FoxO and stress responses in the cnidarian Hydra vulgaris

Diane Bridge, Elizabethtown College
Alexander G. Theofiles, Elizabethtown College
Rebecca L. Holler, Elizabethtown College
Emily Marcinkevicius, Pomona College
Robert E. Steele, University of California, Irvine
Daniel E. Martínez, Pomona College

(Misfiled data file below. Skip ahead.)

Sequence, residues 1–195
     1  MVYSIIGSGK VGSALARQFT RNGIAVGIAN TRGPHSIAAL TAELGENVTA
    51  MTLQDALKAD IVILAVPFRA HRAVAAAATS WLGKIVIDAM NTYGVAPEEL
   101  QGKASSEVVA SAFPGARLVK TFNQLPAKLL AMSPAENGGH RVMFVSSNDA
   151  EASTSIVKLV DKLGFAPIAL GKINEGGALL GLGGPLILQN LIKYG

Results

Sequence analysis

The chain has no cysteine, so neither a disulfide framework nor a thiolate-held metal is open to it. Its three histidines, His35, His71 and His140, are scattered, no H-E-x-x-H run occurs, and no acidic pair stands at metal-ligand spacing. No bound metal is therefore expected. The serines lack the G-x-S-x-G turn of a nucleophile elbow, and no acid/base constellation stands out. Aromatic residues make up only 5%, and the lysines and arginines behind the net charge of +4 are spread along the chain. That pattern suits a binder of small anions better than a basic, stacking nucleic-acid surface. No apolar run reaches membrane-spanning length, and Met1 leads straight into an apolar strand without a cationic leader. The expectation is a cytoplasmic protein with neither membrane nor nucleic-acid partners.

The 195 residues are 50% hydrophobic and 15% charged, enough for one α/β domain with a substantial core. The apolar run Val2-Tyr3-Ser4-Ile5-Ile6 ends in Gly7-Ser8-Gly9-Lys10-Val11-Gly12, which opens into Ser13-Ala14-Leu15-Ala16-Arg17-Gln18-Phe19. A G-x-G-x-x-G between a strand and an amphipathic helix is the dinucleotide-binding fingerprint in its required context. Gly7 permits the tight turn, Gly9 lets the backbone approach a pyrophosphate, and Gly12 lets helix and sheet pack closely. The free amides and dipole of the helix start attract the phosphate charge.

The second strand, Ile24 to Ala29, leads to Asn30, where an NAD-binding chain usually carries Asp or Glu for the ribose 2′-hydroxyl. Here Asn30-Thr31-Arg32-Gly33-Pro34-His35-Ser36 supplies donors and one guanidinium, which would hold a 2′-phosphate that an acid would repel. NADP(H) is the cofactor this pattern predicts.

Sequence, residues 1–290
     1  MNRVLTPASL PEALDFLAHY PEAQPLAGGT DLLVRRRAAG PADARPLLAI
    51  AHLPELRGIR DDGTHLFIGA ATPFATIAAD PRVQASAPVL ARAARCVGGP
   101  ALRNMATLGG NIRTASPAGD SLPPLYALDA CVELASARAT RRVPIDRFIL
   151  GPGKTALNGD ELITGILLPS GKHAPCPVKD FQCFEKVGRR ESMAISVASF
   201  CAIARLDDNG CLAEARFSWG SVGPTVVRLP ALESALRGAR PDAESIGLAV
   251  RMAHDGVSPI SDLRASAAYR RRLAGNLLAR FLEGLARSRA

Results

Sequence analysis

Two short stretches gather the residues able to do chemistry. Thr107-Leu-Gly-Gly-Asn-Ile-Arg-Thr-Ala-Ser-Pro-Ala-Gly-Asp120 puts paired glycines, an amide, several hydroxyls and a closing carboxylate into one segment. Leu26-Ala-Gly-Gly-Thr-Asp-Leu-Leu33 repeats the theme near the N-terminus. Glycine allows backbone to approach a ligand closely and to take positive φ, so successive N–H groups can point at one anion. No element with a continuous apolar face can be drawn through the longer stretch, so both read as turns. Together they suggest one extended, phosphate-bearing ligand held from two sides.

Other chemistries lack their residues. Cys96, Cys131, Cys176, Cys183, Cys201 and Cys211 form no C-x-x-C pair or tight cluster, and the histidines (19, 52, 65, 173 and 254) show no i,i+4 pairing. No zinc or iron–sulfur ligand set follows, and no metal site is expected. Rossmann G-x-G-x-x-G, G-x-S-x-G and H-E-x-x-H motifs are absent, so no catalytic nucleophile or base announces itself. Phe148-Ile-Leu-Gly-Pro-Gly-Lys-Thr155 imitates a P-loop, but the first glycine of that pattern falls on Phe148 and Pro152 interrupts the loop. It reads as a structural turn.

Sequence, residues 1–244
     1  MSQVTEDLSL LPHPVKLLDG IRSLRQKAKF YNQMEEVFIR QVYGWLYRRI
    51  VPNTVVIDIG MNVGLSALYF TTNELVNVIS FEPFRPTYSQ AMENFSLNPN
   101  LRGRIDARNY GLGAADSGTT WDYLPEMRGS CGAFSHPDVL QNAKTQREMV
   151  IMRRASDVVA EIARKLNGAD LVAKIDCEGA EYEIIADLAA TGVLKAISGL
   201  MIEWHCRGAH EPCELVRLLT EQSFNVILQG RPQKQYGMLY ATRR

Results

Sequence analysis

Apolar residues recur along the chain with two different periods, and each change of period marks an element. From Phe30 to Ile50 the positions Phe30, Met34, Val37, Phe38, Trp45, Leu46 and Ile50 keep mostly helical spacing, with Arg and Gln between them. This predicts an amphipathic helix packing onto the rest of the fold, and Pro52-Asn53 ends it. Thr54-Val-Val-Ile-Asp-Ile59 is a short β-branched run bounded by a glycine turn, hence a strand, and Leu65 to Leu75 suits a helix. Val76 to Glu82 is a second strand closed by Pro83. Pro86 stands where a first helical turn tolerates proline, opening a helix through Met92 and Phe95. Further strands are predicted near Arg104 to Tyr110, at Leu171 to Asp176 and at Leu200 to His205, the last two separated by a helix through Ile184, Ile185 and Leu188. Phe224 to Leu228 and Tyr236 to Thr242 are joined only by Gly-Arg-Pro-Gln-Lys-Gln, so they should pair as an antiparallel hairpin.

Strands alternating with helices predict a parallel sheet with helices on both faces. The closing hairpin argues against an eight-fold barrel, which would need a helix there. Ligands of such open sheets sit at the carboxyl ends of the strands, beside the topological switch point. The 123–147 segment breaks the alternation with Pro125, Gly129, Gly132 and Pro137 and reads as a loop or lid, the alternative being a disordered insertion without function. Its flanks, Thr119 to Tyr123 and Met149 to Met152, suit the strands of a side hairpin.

Background: In the face of changing environmental conditions, the mechanisms underlying stress responses in diverse organisms are of increasing interest. In vertebrates, Drosophila, and Caenorhabditis elegans, FoxO transcription factors mediate cellular responses to stress, including oxidative stress and dietary restriction. Although FoxO genes have been identified in early-arising animal lineages including sponges and cnidarians, little is known about their roles in these organisms. Methods/Principal Findings: We have examined the regulation of FoxO activity in members of the well-studied cnidarian genus Hydra. We find that Hydra FoxO is expressed at high levels in cells of the interstitial lineage, a cell lineage that includes multipotent stem cells that give rise to neurons, stinging cells, secretory cells and gametes. Using transgenic Hydra that express a FoxO-GFP fusion protein in cells of the interstitial lineage, we have determined that heat shock causes localization of the fusion protein to the nucleus. Our results also provide evidence that, as in bilaterian animals, Hydra FoxO activity is regulated by both Akt and JNK kinases. Conclusions: These findings imply that basic mechanisms of FoxO regulation arose before the evolution of bilaterians and raise the possibility that FoxO is involved in stress responses of other cnidarian species, including corals. © 2010 Bridge et al.